In many ways, this year will come to be remembered as the one when artificial intelligence (AI) and machine learning (ML) finally broke through the hype, delivering consumer-focused products that amazed millions of people. Generative AI, including DALL·E and ChatGPT, manifested what many people already knew: AI and ML will transform the way we connect and communicate, especially online.
This has profound repercussions, especially for startup companies looking to quickly find how to optimize and enhance customer engagement following a global pandemic that changed how consumers purchase products.
As startups navigate a uniquely disruptive season that also includes inflationary pressures, shifting economic uncertainty, and other factors, they will need to innovate to remain competitive. AI and ML may finally be capable of making that a reality.
Hyper-personalization is at the forefront of these efforts. A McKinsey & Company analysis found that 71 percent of consumers expect brands to provide personalized experiences, and three-quarters are frustrated when they don’t deliver. Currently, for example, only about half of retailers say they have the digital tools to provide a compelling customer experience.
As the industry moves ahead, consumer-facing innovators can better emphasize personalized experiences and connections by integrating AI and ML tools to engage their customers at scale.
In many ways, this year will come to be remembered as the one when artificial intelligence (AI) and machine learning (ML) finally broke through the hype.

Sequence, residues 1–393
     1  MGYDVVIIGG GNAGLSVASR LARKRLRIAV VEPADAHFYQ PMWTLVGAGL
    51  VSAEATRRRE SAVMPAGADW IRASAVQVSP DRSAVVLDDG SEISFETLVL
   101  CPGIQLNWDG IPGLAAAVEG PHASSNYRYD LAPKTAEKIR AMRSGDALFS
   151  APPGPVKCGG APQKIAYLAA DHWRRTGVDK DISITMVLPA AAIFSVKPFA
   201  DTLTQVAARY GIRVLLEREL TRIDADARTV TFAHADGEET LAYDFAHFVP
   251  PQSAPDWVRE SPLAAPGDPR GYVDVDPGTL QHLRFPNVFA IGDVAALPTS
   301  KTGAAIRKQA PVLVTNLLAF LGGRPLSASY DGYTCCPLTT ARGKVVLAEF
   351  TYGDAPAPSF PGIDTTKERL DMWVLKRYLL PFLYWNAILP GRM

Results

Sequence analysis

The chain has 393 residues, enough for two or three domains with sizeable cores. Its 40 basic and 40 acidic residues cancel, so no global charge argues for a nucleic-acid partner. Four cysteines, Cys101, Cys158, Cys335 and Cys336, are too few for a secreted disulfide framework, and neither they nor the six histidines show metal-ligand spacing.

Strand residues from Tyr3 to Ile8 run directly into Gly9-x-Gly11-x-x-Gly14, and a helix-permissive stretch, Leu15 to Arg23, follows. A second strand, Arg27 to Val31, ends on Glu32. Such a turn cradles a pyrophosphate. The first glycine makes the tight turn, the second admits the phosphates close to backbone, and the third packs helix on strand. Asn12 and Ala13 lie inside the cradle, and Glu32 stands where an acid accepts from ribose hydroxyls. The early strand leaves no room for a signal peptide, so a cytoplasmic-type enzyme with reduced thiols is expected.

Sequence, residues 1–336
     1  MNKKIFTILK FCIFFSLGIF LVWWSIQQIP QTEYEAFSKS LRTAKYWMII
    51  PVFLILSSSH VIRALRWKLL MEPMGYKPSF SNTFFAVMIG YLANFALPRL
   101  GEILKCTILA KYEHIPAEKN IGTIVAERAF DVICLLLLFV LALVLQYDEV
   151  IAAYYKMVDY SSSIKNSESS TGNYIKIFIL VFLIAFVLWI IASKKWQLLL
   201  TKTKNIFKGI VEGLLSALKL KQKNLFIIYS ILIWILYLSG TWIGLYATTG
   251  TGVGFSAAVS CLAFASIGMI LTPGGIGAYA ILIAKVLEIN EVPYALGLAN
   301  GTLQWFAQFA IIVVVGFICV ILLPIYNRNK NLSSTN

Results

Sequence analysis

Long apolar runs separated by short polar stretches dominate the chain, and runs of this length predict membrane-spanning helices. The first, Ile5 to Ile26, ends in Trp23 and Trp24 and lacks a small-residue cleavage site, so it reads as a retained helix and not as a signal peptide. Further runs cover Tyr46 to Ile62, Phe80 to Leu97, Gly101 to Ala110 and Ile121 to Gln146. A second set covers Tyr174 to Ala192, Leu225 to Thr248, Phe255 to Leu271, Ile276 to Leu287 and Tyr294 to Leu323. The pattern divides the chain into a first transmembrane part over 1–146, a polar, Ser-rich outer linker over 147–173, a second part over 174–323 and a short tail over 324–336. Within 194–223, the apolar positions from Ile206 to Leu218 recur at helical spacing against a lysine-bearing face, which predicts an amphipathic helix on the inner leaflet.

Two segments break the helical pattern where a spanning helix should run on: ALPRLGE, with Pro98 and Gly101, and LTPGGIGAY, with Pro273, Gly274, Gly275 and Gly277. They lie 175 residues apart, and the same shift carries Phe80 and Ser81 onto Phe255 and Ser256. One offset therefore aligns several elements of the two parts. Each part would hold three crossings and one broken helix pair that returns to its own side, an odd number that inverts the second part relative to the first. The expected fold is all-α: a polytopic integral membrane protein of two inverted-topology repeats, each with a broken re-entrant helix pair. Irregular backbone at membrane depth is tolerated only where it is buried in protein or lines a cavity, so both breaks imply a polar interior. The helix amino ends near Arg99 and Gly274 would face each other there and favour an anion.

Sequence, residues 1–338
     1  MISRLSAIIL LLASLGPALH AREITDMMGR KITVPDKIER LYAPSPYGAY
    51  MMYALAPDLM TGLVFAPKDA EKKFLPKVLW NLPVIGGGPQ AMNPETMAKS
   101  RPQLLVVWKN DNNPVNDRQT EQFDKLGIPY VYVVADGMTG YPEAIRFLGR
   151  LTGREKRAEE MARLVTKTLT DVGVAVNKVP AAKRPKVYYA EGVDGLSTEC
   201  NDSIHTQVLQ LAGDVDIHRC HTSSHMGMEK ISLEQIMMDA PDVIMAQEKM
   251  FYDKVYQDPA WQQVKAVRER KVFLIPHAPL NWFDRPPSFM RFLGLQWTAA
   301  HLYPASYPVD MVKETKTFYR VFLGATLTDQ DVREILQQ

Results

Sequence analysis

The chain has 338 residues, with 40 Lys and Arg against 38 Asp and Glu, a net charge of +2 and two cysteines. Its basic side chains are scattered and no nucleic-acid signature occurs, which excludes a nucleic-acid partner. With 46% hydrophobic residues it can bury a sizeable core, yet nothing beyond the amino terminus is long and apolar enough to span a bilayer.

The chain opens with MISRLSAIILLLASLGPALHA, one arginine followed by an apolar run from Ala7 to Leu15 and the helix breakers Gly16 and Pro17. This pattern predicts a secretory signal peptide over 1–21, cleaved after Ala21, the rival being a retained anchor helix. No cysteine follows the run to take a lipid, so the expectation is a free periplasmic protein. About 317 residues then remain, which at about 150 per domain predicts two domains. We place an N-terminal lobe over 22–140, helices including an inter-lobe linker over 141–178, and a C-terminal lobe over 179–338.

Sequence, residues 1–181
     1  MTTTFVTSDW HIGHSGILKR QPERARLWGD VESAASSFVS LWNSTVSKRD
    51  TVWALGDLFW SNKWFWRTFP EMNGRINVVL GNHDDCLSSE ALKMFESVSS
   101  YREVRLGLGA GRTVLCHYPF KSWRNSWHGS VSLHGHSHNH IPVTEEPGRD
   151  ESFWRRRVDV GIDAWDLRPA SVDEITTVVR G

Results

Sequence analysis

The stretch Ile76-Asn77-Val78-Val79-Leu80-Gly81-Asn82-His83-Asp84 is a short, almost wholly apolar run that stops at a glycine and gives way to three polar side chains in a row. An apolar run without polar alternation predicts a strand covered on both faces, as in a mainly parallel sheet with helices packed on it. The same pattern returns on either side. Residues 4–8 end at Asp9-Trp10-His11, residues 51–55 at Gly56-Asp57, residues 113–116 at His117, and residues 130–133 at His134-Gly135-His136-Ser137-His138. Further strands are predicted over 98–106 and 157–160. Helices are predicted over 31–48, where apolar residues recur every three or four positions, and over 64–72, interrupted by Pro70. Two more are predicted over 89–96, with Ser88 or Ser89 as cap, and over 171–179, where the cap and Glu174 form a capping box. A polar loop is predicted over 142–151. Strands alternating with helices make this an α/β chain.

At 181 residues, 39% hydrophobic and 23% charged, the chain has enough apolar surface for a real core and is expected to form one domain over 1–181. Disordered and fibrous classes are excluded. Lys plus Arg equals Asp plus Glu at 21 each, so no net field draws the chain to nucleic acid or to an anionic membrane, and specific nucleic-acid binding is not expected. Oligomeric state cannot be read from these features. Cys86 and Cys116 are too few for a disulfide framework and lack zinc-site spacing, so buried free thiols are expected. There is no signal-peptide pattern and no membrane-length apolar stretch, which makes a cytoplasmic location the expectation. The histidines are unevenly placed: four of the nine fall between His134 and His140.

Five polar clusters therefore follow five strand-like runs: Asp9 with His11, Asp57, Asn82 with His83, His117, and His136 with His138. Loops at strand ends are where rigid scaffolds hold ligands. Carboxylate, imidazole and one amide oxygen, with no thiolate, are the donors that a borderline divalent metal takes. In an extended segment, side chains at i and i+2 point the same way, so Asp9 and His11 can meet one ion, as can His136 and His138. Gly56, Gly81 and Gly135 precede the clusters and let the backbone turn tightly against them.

The data that matters most
Hyper-personalization is predicated on customer data, a ubiquitous resource in today’s digital-first environment. While excessive or unhelpful customer data can clog content pipelines, the right information can power hyper-personalization at scale. This includes providing critical insights into:
- Purchase behavior. When brands understand buyers’ purchase behaviors, they can provide iterative content that builds upon previous interactions to drive sales.
- Buyer intent. While buyer intent only loosely correlates with purchase patterns, this metric can provide context to customer trends and expectations.
- Survey data. This first-party data measures customer sentiment, product impact, and service efficacy, giving companies an inside look at their impact and opportunities.
- Digital channel engagement. While social media metrics can mislead companies, other digital channel metrics, like time spent, resource downloads, and visit frequency can inform content direction.
Critically, this first-party data couldn’t previously be collected, aggregated, and applied to the customer experience, but AI and ML breakthroughs are finally making that possible.
How AI and ML make a difference
AI and ML can be used to analyze customer data and make predictions about what they may want next from the brand experience. By feeding large amounts of data into an ML model, companies can train it to recognize patterns and relationships within the data that may not be immediately apparent to humans. The model then uses these patterns to make predictions about future customer behavior.